Study: More Belly Weight Increases Danger of Heart Disease Even If BMI Does Not Indicate Obesity

April 27, 2021
Jill Murphy, Associate Editor

A greater understanding of obesity and its impact on cardiovascular health highlights abdominal obesity, sometimes referred to as visceral adipose tissue (VAT), as a cardiovascular disease risk marker.

People with abdominal obesity and excess fat around the body’s mid-section and organs have an increased risk of heart disease even if their body mass index (BMI) measurement is within a healthy weight range, according to a study published in Journals.

“This scientific statement provides the most recent research and information on the relationship between obesity and obesity treatment in coronary heart disease, heart failure and arrhythmias,” said Tiffany M. Powell-Wiley, MD, MPH, FAHA, chair of the writing committee and chief of the Social Determinants of Obesity and Cardiovascular Risk Laboratory in the Division of Intramural Research at the National Heart, Lung, and Blood Institute at the National Institutes of Health, in the press release. “The timing of this information is important because the obesity epidemic contributes significantly to the global burden of cardiovascular disease and numerous chronic health conditions that also impact heart disease.”

A greater understanding of obesity and its impact on cardiovascular health highlights abdominal obesity, sometimes referred to as visceral adipose tissue (VAT), as a cardiovascular disease risk marker. VAT is commonly determined by waist circumference, the ratio of waist circumference to height, or waist-to-hip ratio, which has been shown to predict cardiovascular death independent of BMI.

Experts recommend both abdominal measurement and BMI be assessed during regular health care visits because a high waist circumference or low waist-to-hip ratio, even in healthy weight individuals, could mean an increased risk of heart disease. Abdominal obesity is also linked to fat accumulation around the liver that often leads to non-alcoholic fatty liver disease (NAFLD), which adds to cardiovascular disease risk, according to the study.

“Studies that have examined the relationship between abdominal fat and cardiovascular outcomes confirm that visceral fat is a clear health hazard,” Powell-Wiley said in the press release.

The risk-inducing power of abdominal obesity is so strong that in people who are overweight or have obesity based on BMI, low levels of fat tissue around their midsection and organs could still indicate lower cardiovascular disease risks, also known as “metabolically healthy obesity,” according to the study.

For the report, experts analyzed research on managing and treating obesity, particularly abdominal obesity, finding that reducing calories can reduce abdominal fat and that aerobic exercise is the best physical activity to reduce abdominal obesity.

Further, meeting the current recommendations of 150 minutes per week of physical activity may be sufficient to reduce abdominal fat with no additional loss from longer activity times. Exercise or a combination of dietary change and physical activity has been shown in some instances to reduce abdominal obesity even without weight loss, according to the study.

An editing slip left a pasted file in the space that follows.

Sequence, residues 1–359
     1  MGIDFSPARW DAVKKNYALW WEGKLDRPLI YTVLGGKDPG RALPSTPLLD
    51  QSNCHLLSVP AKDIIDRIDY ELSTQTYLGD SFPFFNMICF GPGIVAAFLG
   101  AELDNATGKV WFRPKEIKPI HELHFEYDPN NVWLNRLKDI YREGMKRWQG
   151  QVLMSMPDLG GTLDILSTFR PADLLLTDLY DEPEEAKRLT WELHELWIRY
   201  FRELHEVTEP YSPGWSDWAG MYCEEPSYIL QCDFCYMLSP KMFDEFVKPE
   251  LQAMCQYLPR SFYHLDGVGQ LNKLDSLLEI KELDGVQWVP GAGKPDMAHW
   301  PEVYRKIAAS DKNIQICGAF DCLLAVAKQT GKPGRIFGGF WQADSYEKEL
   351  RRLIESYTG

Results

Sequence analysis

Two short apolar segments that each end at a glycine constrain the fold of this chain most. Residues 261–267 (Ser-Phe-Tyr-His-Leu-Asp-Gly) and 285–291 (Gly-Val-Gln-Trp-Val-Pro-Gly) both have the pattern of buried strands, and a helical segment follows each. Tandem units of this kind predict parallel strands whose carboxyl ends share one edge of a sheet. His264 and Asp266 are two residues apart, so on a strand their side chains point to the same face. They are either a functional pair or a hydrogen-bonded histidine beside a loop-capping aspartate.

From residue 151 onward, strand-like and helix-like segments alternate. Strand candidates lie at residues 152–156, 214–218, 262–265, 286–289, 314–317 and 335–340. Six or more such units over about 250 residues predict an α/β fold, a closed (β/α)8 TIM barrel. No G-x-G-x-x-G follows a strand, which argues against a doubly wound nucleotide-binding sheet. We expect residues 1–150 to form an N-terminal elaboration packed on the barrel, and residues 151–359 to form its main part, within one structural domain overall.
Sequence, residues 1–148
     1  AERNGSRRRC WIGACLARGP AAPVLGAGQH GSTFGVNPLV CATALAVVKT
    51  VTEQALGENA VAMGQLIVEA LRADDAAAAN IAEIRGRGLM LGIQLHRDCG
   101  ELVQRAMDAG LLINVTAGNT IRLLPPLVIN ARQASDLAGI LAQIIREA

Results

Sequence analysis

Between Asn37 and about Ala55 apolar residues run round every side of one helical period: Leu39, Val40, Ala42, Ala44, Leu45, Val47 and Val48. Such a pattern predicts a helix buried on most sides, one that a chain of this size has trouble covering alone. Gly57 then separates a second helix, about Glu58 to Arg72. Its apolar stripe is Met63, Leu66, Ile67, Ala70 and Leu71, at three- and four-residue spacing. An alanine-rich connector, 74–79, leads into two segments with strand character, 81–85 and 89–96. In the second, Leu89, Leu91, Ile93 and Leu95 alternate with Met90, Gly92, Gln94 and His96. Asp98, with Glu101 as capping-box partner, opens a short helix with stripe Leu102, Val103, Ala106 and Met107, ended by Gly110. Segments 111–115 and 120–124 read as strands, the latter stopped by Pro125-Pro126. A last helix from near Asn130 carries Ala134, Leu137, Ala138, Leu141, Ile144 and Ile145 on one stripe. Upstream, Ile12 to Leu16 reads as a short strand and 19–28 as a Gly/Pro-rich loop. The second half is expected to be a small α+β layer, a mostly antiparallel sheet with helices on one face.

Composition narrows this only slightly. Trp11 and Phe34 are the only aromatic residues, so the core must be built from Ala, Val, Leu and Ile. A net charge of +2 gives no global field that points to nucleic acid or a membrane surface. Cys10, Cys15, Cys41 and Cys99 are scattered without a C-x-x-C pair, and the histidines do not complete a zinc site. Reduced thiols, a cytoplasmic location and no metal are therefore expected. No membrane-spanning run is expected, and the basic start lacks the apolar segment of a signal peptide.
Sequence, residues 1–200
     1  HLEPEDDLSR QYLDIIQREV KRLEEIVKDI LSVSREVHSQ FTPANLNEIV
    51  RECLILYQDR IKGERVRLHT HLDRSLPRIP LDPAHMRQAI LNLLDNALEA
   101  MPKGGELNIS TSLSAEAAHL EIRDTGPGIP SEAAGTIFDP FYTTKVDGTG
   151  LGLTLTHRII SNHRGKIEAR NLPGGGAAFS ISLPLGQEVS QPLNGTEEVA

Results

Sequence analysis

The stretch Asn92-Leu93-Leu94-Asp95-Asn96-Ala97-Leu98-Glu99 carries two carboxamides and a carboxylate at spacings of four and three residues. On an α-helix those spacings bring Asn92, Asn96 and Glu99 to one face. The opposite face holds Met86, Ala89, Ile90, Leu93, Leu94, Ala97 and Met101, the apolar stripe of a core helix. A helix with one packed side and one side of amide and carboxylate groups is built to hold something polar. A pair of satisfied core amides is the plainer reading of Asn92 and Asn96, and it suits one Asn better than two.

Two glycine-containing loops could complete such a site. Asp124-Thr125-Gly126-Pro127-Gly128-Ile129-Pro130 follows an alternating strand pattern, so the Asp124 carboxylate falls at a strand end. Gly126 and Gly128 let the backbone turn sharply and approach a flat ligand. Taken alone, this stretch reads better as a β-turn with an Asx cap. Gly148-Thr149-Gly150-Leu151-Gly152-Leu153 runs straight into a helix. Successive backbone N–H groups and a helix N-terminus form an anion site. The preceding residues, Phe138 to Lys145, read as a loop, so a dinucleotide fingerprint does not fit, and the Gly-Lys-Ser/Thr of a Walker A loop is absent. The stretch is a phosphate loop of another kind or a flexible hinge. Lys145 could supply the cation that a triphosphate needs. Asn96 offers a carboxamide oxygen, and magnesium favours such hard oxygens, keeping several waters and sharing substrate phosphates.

Lifestyle changes and subsequent weight loss improve blood sugar, blood pressure, triglyceride and cholesterol levels, and reduce inflammation, improve blood vessel function, and treat NAFLD. However, studies of lifestyle change programs have not shown a reduction in coronary artery disease events, such as heart attack or chest pain.

Bariatric surgery for weight loss treatment is associated with a reduction in coronary artery disease risk compared to non-surgical weight loss. The difference may be attributed to the larger amount of weight loss and the resultant changes in metabolism that are typical after bariatric surgery, according to the study authors.

“Additional work is needed to identify effective interventions for patients with obesity that improve cardiovascular disease outcomes and reduce cardiovascular disease mortality, as is seen with bariatric surgery,” Powell-Wiley said.

The study authors also note that people with overweight or obesity are often screened earlier for cardiovascular disease than people with healthy weight, resulting in earlier diagnoses and treatment.

“The underlying mechanisms for the obesity paradox remain unclear,” Powell-Wiley said in the press release. “Despite the existence of the paradox for short-term cardiovascular disease outcomes, the data show that patients with overweight or obesity suffer from cardiovascular disease events at an earlier age, live with cardiovascular disease for more of their lives and have a shorter average lifespan than patients with normal weight.”

The report identifies many areas for future research, including a call for further study of lifestyle interventions that may be most effective in decreasing visceral adiposity and improving cardiovascular outcomes.

“It’s important to understand how nutrition can be personalized based on genetics or other markers for cardiovascular disease risk,” Powell-Wiley said in the press release.

She added that as overweight and obesity prevalence increases among adolescents worldwide, it is critical to address how best to develop upstream primary prevention interventions and better treatment strategies, particularly for young patients with severe obesity.

REFERENCE

More belly weight increases danger of heart disease even if BMI does not indicate obesity. American Heart Association. Published April 22, 2021. Accessed April 22, 2021. https://newsroom.heart.org/news/more-belly-weight-increases-danger-of-heart-disease-even-if-bmi-does-not-indicate-obesity